As the sixth anniversary of the Egyptian revolution came and went, the enthusiasm and determination to resist the rule of the military leader, Abdul Fatah Al-Sissi appears to have waned.
This year the demonstrations were low-key affairs with the numbers of protestors in Western capitals at the lowest levels and with armed police in Cairo surrounding the Tahir Square preventing groups from gathering to mark the day.
Dr. Nihal Abosaif of the Egyptian Revolutionary Council told the Muslim Eye, “Frustration and fear are two key elements preventing people from joining marches to protest at Sissi’s oppressive rule.”
She went on to say, “Egyptians that live in the West are fearful of demonstrating even in democratic countries. Often they cover their faces or turn their back to cameras for fear they will be harassed if they return to Egypt.”
Added to the climate of fear is the splits with the opposition movement, some of which has been designated as ‘terrorist’ by the Sissi regime. In particular, the Muslim Brotherhood movement has been banned. Egyptians caught ascribing the Brotherhood could face lengthy prison sentences or even the death penalty.
Dr. Nihal told Muslim Eye, “More than 50,000 Egyptians are in prison and now the security forces are not even trying to arrest people. There are more than 4,000 forced disappearances on record where people are kidnapped, held in secret locations and even killed without trace.”
Many government opponents have fled to London and Istanbul where endless hours of debate and counter debate occupy private television networks dedicated to tackling issues facing the Egyptian people.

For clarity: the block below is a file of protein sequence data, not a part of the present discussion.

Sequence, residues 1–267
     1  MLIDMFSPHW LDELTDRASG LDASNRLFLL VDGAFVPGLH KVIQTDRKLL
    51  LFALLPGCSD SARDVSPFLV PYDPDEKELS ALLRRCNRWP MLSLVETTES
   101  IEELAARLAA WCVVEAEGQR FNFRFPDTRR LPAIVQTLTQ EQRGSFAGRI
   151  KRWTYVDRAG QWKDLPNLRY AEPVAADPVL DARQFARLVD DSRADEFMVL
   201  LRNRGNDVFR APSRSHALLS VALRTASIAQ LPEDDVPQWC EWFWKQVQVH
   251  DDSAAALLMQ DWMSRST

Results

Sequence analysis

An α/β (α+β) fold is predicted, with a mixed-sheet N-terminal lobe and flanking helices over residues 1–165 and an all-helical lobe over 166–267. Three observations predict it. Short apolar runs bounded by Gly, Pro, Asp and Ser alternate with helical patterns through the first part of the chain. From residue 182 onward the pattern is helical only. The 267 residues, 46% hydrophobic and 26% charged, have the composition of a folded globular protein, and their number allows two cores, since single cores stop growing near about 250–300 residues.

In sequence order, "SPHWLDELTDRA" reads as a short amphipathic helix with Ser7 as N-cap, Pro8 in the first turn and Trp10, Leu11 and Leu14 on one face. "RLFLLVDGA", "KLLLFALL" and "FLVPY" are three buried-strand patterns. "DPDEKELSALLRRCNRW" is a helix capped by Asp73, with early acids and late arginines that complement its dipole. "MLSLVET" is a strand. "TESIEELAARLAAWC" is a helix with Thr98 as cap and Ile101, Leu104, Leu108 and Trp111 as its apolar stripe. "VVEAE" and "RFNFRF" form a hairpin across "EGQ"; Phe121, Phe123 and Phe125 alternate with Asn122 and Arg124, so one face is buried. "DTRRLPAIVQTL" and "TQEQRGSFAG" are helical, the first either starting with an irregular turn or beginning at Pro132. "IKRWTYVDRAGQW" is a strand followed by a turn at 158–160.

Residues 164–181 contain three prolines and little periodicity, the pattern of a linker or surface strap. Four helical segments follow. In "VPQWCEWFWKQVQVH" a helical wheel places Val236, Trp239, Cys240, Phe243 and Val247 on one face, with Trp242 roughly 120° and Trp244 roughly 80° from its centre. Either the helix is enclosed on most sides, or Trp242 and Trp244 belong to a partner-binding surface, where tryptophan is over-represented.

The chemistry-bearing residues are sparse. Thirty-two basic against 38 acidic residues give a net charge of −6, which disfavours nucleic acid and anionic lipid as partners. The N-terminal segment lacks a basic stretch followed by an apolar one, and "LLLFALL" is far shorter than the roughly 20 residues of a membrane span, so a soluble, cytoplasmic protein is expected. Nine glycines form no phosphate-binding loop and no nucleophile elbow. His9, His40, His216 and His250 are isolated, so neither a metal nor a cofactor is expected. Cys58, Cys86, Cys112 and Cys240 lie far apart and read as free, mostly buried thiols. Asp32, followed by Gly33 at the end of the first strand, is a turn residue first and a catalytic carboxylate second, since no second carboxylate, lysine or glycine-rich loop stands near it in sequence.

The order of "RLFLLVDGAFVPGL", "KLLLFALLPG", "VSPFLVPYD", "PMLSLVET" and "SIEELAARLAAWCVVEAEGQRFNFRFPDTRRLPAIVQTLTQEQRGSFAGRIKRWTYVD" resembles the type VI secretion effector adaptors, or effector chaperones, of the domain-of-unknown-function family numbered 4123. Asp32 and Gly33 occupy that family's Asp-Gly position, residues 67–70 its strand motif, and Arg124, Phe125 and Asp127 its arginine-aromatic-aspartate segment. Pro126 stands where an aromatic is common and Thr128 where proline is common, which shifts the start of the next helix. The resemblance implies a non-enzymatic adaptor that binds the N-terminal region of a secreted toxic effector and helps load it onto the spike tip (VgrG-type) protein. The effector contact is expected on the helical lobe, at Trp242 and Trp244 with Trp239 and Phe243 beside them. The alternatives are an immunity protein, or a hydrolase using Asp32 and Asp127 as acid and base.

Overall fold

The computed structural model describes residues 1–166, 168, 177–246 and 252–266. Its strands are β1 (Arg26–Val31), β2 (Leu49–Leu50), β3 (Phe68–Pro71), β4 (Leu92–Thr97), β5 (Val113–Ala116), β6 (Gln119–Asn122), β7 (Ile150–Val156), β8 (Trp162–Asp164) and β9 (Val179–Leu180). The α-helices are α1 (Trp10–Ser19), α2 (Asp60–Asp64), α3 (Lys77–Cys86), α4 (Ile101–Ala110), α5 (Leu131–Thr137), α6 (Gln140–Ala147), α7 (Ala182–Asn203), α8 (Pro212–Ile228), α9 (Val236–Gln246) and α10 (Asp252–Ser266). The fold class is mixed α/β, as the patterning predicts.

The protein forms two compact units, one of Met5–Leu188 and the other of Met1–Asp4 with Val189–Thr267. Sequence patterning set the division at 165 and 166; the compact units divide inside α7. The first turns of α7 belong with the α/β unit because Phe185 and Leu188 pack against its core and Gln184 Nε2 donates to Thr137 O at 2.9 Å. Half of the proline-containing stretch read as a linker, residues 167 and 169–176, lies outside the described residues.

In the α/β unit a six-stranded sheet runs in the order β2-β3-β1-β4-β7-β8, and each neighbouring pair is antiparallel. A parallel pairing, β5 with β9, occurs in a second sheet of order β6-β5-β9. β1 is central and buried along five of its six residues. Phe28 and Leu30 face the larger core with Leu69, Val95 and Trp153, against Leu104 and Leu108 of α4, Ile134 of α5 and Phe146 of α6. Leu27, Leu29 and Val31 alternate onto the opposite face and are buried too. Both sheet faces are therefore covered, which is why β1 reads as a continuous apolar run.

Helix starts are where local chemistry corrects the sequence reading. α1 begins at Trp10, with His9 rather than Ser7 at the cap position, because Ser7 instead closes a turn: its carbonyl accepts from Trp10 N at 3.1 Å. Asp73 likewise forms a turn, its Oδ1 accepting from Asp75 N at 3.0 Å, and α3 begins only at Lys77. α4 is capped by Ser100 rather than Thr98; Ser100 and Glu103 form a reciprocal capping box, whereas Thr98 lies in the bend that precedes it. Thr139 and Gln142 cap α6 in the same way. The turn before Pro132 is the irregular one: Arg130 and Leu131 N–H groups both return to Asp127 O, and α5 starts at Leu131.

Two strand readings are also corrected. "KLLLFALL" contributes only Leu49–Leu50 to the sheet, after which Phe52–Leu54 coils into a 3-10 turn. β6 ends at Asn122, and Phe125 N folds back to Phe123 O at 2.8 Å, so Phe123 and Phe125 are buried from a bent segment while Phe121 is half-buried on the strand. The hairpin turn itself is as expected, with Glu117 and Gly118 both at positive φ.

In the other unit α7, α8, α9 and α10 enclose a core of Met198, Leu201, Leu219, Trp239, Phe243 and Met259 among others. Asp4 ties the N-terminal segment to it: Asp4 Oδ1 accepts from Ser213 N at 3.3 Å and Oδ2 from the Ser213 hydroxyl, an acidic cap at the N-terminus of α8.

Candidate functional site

The popularity of channel such as ‘Al Hiwar’ and ‘Al Mukamilin’ means that ordinary Egyptians, even those who support Al Sissi, tune to these programmes to avoid the false government narratives and to get a more representative picture of the political and economic situation within the country.
Talk show host Mohammed Nasser presents a show which is a mixture of analysis, sarcasm and reflection on the differing approaches to the attempt to remove or replace the Egyptian regime.
Younger members of the opposition movement argue that alliances within Sissi’s ranks should be made to weaken Sissi, but the old guard maintain the battle to remove ‘the dictator’ must not lead to making any compromises.
Both sides know that the arrival of Donald Trump to the White House seems likely to embolden and strengthen Sissi’s leadership. The co-operation to combat terrorism is code for the war against the Muslim Brotherhood and elements of the Islamic State who appear to operating in the Sinai desert.
Egypt currently receives $1.3 billion in military aid that was briefly suspended under Trump’s predecessor Barack Obama in 2013, following the ouster of then-Muslim Brotherhood president Mohamed Morsi, but was fully reinstated in 2015.
Trump views el-Sissi - who was one of the first world leaders to congratulate him on his election win this past November - as a strong, decisive leader in the Middle East and North Africa and has even called him a "fantastic guy."
The new US president has also said he considers the Muslim Brotherhood a dangerous organisation. Trump, who calls himself tough on "radical islamic terror," has said el-Sissi could cooperate on regional security issues.
Significantly, Trump has expressed hope that el-Sissi and Israeli Prime Minister Benjamin Netanyahu could be his administration's strongest allies in the Middle East and North Africa.
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